Thanks, as always, to Dr. Peter for showing the love. These are great and provocative comments. To Robert Jeffrey, my confidence in the hoi polloi may be a bit of wishful thinking, and I'd concede that the citizenry are often implicated in lots of activities the outcomes of which they otherwise disapprove (e.g., buying the cheapest goods tends to get you lots of illegal immigrants, or driving Hummers tends to burn up lots of oil and make the stuff more expensive, or moving away from family and friends and community to the McMansion in the suburbs tends to make you all the more dependent on Government handouts when hard times come, as Tocqueville observed a long time ago), but at least their often underarticulated frustration at many of these consequences suggests that they are not ready to accept that all aspects of a wholly free market should be accepted as an unmitigated good. As such, I would agree that they are not anti-economic growth, but they recognize that growth cannot be the only goal of an economy. Growth needs to be tempered by other non-growth oriented considerations - such as family and community, for starters.

I agree too that they rightly protect the American way of life, but here again we need to be clearer about what that means. Are we willing to pay any price and bear any burden to ensure inexpensive oil? Maybe, but a recent poll suggested that people are not willing to pay higher gas taxes in the abstract except when such higher taxes are framed as part of a national security policy to untangle us from Middle Eastern dictators. This is not pacifism, but good old fashioned independent-minded republicanism, something I'd think and hope the good people here would recognize and support. I don't think this issue is simply reducible to being "greenish" or "dovish" anymore. Read some recent work of Andrew Bacevich - who lost his son recently in Iraq - for the realist, conservative view on these matters.

And to Peter, if I'm "promiscuously anti-capitalist," it was an excess perhaps provoked by a reading of such free-market ideologues as Caplan. I'm in favor of free markets within polities (not vice versa), emphasis on the plural - "markets." I'm a critic of "The Market," as any good conservative - mistrustful of monoliths of any sort - ought rightly to be.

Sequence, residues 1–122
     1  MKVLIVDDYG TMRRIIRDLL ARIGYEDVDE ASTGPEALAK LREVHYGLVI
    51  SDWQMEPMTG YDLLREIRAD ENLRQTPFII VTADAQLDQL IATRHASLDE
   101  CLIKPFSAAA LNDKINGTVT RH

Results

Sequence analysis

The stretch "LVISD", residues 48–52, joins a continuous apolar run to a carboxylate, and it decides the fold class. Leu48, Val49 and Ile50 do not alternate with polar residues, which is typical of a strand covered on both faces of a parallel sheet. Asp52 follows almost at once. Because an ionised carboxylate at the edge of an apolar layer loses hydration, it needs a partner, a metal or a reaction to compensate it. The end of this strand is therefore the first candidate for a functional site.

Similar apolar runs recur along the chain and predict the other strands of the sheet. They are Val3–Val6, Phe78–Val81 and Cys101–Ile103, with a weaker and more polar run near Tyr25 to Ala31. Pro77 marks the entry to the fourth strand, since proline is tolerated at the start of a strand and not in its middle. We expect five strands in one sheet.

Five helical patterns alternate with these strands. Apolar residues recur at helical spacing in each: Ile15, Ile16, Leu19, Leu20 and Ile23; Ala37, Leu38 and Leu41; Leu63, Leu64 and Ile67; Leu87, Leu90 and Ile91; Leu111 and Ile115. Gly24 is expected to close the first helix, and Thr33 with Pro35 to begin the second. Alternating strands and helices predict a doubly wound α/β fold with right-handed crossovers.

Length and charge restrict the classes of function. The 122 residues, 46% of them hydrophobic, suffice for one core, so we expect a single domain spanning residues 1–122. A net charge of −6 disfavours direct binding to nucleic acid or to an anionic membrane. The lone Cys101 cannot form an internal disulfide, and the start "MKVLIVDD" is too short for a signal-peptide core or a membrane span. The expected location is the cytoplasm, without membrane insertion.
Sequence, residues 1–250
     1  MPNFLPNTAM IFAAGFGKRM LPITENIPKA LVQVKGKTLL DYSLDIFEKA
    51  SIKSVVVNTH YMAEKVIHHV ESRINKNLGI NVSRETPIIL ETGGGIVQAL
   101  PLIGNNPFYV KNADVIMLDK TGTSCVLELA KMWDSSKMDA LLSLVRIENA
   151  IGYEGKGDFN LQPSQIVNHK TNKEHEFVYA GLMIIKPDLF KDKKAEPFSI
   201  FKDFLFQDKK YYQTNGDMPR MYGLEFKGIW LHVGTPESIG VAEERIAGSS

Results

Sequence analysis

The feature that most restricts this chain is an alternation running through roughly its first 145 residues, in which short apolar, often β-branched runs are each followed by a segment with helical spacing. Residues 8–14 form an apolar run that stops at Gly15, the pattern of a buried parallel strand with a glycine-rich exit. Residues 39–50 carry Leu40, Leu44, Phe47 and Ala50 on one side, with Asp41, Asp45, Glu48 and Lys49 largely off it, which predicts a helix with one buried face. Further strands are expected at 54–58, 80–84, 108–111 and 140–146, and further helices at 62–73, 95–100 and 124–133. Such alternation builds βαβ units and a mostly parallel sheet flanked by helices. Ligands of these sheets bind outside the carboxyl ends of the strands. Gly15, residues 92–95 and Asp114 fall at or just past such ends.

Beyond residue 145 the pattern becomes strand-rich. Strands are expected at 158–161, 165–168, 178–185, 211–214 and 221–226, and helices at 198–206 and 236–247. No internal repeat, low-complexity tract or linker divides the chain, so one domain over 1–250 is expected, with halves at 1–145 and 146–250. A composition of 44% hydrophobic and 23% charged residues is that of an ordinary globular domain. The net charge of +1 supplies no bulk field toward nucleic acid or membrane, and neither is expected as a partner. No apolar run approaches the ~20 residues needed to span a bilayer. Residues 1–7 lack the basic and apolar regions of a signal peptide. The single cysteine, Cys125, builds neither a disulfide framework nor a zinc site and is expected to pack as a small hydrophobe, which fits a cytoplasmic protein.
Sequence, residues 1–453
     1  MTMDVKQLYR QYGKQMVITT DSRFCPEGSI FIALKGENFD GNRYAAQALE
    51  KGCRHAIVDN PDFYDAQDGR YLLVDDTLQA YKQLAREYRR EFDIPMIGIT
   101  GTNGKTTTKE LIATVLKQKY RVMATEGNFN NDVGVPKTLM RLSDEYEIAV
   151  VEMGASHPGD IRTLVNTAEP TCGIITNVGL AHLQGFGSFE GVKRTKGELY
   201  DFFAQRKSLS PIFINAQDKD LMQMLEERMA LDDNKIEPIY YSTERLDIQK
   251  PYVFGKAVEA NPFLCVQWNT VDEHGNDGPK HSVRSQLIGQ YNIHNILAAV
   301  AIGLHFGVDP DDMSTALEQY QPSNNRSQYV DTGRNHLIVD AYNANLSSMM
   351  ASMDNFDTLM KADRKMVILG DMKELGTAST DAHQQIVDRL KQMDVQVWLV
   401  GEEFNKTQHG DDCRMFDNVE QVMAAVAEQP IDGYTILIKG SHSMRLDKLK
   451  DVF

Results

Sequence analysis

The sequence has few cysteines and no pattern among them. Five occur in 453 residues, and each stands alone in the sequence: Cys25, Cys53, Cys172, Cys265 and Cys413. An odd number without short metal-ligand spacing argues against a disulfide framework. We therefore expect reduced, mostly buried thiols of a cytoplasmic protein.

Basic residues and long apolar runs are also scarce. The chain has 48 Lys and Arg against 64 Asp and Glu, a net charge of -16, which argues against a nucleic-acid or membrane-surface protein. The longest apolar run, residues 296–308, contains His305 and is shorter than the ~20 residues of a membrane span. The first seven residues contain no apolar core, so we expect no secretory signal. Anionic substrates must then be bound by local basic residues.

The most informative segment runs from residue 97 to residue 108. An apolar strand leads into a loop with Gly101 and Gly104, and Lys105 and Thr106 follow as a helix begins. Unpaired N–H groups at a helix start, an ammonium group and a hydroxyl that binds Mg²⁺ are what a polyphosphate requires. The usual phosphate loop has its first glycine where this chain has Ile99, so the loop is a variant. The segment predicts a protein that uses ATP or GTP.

Nicely put, Patrick.

Patrick Deneen, very well stated and I take back what I said, considering that I agree with everything you so beautifully say. By the way, my students to a man say they would pay higher prices on goods to reduce illegal immigration and dependence on middle eastern oil. I believe them, and maintained this against some naysayer recently on another thread. "Free markets within politics." Amen.

So, am I sensing a resurgence of Buchananism here? (Something I would welcome -- sans his crazy foreign policy.)

If there is, I'm outta here.

Well, John, you keep denying the label "libertarian," but that's exactly the kind of comment I would expect from a person of the "L" persuasion. Beside his foreign policy views (e.g., anti-Israel, anti-war, some say racist), what is it that you would object to?

I don't like it when a man without children tells us that we're facing demographic collapse because we're not having enough children. Doesn't that make him, in your words, a "parasite"?

Beside his foreign policy views (e.g., anti-Israel, anti-war, some say racist), what is it that you would object to?

That's a lot of important stuff.

John, I don't know about his family life. Was being childless a choice? For many it is not...and his point about demography is correct. Do you deny the numbers? Am I going to have to engage in another "correction session?"

Dear Moby...that stuff is crazy stuff. I don't accept it, and neither should other thinking people. But his economic and internal political ideas are fairly independent of his views on international affairs.